For those of us who threw our collegiate and professional aspirations out the window after high school, we have to search for glory in other ways. Whether it's by playing FIFA, arguing with other fans or ranting on Twitter, the game will always be in our blood. When ranting loses its appeal, you turn to dusting off your cleats and trying to remember where your shin guards are hiding.
Once you've found a Sunday league or a group of friends to start an indoor team, the excitement of playing again can cause you to forget how hard soccer is on your body. Contrary to popular belief, static stretching is the exact opposite of what your body needs before a hard workout.
Studies at Boston University and the School of Kinesiology at the University of Zagreb in Croatia further validate this fact. Static stretching creates small tears in the muscle fibers just like exercising does, but joints are stretched to their limit, making them more likely to become tighter when the stretch is released.
Stretching before a workout or game can result in a three percent decrease in performance. In order to loosen up joints, muscles and increase muscle temperature, dynamic stretching is the proper way to warm-up. Increasing the heart rate is also key to warming up before shocking the system by sprinting during the game.
Here are five dynamic stretches to loosen up crucial joints and muscles: opening/closing the gate, high jumps, high kicks across the body, lunges and running in place.
Opening/closing the gate targets the groin muscles as well as the hip flexor. When striking a ball, these two areas undergo high stress.
To perform this exercise, start by lifting one knee straight up and swinging it outward 90 degrees in one motion. Switch off using both legs, completing 15-20 swings on each leg.
Once you have opened the gate, closing the gate is the mirror stretch. Start by lifting your knee to the outside of your body and bring it back to its normal position. Repeat this stretch on both legs 15-20x.
This exercise is self-explanatory, but it targets three key muscles in the lower body: the glutes, hamstrings and quads. No matter how good your dad jokes are, pulling your hammy like your father is not fun.
Start by spreading your legs shoulder width and bend down so that your thighs are at a 90-degree angle. Jump up using your whole body and lift your knees towards your chest while in the air.
When landing, bend down into a squat to further engage the key muscles. The point of this routine isn't to become fatigued. If your legs start to feel tired after 10 jumps, don't push yourself to do more.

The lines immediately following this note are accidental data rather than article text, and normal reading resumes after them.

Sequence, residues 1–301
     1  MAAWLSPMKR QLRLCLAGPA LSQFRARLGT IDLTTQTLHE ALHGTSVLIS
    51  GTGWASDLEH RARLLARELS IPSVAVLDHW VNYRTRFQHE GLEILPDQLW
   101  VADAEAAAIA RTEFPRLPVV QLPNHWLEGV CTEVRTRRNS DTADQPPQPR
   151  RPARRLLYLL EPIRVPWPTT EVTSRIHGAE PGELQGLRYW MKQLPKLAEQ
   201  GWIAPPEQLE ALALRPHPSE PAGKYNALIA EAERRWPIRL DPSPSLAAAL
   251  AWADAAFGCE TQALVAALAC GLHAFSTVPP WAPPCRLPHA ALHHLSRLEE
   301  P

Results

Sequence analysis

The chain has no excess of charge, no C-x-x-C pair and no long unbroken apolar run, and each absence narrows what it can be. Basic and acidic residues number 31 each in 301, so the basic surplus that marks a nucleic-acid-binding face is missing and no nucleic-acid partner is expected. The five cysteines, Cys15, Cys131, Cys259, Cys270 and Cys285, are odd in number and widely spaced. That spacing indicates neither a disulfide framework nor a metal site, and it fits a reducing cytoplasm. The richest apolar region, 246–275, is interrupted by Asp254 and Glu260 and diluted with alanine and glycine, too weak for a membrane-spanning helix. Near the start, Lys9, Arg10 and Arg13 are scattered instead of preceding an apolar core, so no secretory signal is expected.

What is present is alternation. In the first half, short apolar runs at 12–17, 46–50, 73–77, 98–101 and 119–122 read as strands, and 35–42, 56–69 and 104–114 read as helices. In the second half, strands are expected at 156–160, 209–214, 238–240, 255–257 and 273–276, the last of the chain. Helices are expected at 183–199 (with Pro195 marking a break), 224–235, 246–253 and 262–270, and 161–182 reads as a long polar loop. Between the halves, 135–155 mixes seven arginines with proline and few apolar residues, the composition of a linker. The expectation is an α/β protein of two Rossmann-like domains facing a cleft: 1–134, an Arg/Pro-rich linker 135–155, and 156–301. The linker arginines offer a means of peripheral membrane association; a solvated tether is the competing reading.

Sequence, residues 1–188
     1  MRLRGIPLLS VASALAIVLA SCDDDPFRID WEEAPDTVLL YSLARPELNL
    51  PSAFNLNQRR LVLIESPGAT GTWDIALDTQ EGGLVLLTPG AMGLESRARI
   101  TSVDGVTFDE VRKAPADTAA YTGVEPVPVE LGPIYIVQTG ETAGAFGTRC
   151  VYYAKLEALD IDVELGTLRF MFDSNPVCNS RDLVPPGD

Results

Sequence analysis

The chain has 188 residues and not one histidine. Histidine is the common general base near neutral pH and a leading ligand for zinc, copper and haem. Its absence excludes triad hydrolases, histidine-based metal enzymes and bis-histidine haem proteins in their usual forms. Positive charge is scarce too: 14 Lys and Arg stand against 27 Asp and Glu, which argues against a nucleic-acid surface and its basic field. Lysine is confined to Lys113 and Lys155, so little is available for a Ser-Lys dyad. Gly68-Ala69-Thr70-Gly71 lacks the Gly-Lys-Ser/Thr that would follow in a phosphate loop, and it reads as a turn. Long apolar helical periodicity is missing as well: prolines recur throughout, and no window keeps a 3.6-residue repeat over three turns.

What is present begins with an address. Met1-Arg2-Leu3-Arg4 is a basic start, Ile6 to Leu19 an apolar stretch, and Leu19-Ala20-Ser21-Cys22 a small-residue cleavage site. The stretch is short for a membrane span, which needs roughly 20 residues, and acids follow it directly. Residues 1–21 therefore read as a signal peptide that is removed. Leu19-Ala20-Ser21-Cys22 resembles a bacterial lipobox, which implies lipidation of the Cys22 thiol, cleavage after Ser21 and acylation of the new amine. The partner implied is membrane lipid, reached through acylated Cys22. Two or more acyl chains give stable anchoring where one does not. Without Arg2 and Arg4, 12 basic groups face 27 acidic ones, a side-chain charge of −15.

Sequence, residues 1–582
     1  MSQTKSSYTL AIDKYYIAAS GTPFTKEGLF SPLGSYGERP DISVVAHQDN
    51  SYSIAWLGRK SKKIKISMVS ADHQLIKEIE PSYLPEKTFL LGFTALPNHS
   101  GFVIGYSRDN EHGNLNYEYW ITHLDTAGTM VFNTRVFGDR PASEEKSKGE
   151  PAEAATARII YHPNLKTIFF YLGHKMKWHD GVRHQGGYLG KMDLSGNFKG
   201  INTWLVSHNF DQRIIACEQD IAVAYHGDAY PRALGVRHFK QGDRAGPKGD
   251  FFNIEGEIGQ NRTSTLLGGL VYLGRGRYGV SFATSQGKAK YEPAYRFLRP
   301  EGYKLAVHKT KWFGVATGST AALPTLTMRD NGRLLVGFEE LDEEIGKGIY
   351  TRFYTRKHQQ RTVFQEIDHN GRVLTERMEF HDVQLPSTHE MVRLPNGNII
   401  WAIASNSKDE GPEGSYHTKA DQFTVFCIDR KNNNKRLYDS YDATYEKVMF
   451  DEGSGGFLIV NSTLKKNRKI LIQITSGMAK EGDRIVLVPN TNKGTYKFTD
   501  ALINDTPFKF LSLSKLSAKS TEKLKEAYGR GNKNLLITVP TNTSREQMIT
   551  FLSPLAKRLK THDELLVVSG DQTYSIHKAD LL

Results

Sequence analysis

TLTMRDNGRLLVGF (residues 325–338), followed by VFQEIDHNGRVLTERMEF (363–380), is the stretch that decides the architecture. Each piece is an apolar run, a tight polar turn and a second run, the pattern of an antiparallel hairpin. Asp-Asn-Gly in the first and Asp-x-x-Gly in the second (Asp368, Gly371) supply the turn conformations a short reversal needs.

A strong follow through after striking a ball can dictate how the ball curves and placement of the shot — it can also force you off the pitch only minutes into the match if you're not prepared.
This stretch pinpoints the hamstrings as well as the groin muscles while mimicking a shot. Switch off between legs while moving forward, trying to kick your left hand with your right toes and vice-versa. Do two sets of this routine, 15 kicks on each side.
Lunges help your balance, strength and endurance all while quickly firing muscle fibers for a fast warm-up. This exercise will further warm up your quads, glutes, hips, groin, calves, hamstrings and help you engage your core and stabilize your lower back.
Similar to the high jumps, lunges can easily fatigue your body. While stepping forward to plant your front foot, make sure both feet are facing forward. When lunging down, your knee should not go over toes when at a 90-degree angle. If your knee is over your front foot, take larger steps. Your rear knee should never hit the ground while doing a proper lunge. Do 2 sets of 5 lunges on each leg, taking one minute to rest in between each set.
After the first four routines, running in place will not work any new muscles. It will help you increase your heart rate so your body is not completely shocked when you have to sprint during the opening minutes of a match.
Now get a few touches in before the whistle blows and you'll have the upper hand.